If we were to compare two electric power plants, the nuclear one would produce about 30 tons/1,000 MW of radioactive byproducts, while a coal-based plant every 1,000 MW of electric power would produce up to 300,000 tons of ash and about 6 million tons of CO2.

There is another important difference between nuclear byproducts and CO2: the latter must be captured because it is in a gaseous phase, while the former are solids, directly storable. However, the design and the construction of a nuclear power plant requires up to 20 years. The case of nuclear energy has been analyzed because it is the only one which could guarantee the same, continuous energy supply as fossil fuels.

For example, photovoltaic (PV) panels exploit the most abundant source of energy: the Sun. Most efficient PV panels promote up to 175 W/m2 of soil (surface area) covered. What does it mean? For electric power generation of 1 GW we would need more than 5.7 million m2 of soil, or, in other words, about 837 soccer fields. And they would work up to 8 hours a day, without providing continuous supply. Thus, the needed amount of energy cannot fully match the one that green sources can provide with current technologies.

Carbon Capture, Utilization, and Storage (CCUS)

Carbon capture, utilization, and storage (CCUS) may allow society maintain the lifestyle it has become a customed to without significant behavioral modification. The history of CO2 underground storage goes back to the early 21st century.

Why is CCUS one of the most relevant topics of the energy transition? Let’s imagine we want to store the CO2 in 50000 m3 stainless-steel tanks. The optimal conditions of CO2 storage are in the range of dense phase, liquid or supercritical. Since pressure above 73.9 bar and temperature above 31.1°C are required for the supercritical phase, we could imagine that the storage would happen at high pressure, but ambient temperature. For example, if we consider a pressure of 150 bar and a temperature of 15°C, CO2 would have a resulting density of about 900 kg/m3. If we want to store the amount of CO2 released by the European Union from fossil fuels, 3.08 billion tons in 2022, more than 61,000 spherical tanks per year would be required. Where we would put all these tanks?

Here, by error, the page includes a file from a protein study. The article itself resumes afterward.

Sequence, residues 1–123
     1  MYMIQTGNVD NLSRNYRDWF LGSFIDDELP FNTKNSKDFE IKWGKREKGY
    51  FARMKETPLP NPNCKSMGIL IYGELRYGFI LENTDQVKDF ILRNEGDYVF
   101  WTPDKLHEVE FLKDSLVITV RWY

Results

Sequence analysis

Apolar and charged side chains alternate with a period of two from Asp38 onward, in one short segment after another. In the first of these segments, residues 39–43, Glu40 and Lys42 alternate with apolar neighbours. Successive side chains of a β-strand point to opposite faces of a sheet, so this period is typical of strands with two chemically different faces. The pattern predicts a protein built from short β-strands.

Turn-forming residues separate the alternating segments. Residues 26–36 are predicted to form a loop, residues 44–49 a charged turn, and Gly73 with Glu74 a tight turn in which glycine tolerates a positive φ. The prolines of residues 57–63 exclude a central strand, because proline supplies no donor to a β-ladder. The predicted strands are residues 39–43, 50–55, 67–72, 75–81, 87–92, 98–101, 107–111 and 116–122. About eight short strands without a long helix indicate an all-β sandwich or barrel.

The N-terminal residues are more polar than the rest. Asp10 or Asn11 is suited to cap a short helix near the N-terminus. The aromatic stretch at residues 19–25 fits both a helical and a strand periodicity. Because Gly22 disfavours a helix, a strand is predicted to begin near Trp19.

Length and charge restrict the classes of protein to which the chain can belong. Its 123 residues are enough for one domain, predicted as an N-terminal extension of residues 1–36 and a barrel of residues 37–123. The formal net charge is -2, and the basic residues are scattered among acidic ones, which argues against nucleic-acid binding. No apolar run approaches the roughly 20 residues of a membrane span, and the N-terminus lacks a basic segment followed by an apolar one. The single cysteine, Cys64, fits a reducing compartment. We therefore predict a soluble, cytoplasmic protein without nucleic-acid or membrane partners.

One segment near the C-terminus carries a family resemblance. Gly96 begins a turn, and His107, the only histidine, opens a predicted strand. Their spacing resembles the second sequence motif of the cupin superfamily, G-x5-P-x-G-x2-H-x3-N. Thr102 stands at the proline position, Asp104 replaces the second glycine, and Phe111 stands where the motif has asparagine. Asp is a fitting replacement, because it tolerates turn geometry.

Geological Trapping

CO2 sequestration process in saline aquifer.
Source: Sandia National Laboratories

Depleted reservoirs and aquifers are fundamental for underground CO2 storage. While depleted reservoirs are prospects for exploitation because they trapped hydrocarbons for millions of years, aquifers use the ability of water to dissolve CO2. Currently, there are approximately 395 projects in the commercial carbon capture and storage (CCS) facilities pipeline worldwide in 2024 with 198 in North America.

Oil and gas companies play major roles thanks to the consolidated knowledge on subsurface technologies. In fact, gas injection has been used for decades to enhance oil recovery. The main limits of underground storage are represented by the adaption of advanced tools for CO2 injection due to its peculiar characteristics and the development of monitoring tools, because it is necessary that it stay permanently inside the storage site.

Is there any way of carrying on energy transition, without losing our habits? Perhaps.

Are we able to do it? Not yet.

Do we actually need all these lights turned on?

For Further Reading

Scripps Carbon Dioxide (CO2) Measurements, Global Monitoring Laboratory.

Share of Renewable Electricity Generation by Technology 2000-2028, International Energy Agency.

Criteria for Intermediate Storage of Carbon Dioxide in Geological Formations by S. Soloman, The Bellona Foundation.

Earth Overshoot Day

Maximum Efficiency Nuclear Waste Transmutation by J. Wallenius, Royal Institute of Technology.

Annual CO₂ Emissions, Our World in Data.

Number of Commercial Carbon Capture and Storage (CCS) Facilities Worldwide as of 2024 by Region, Statista.

Atmospheric Carbon Dioxide, US Global Change Research Program.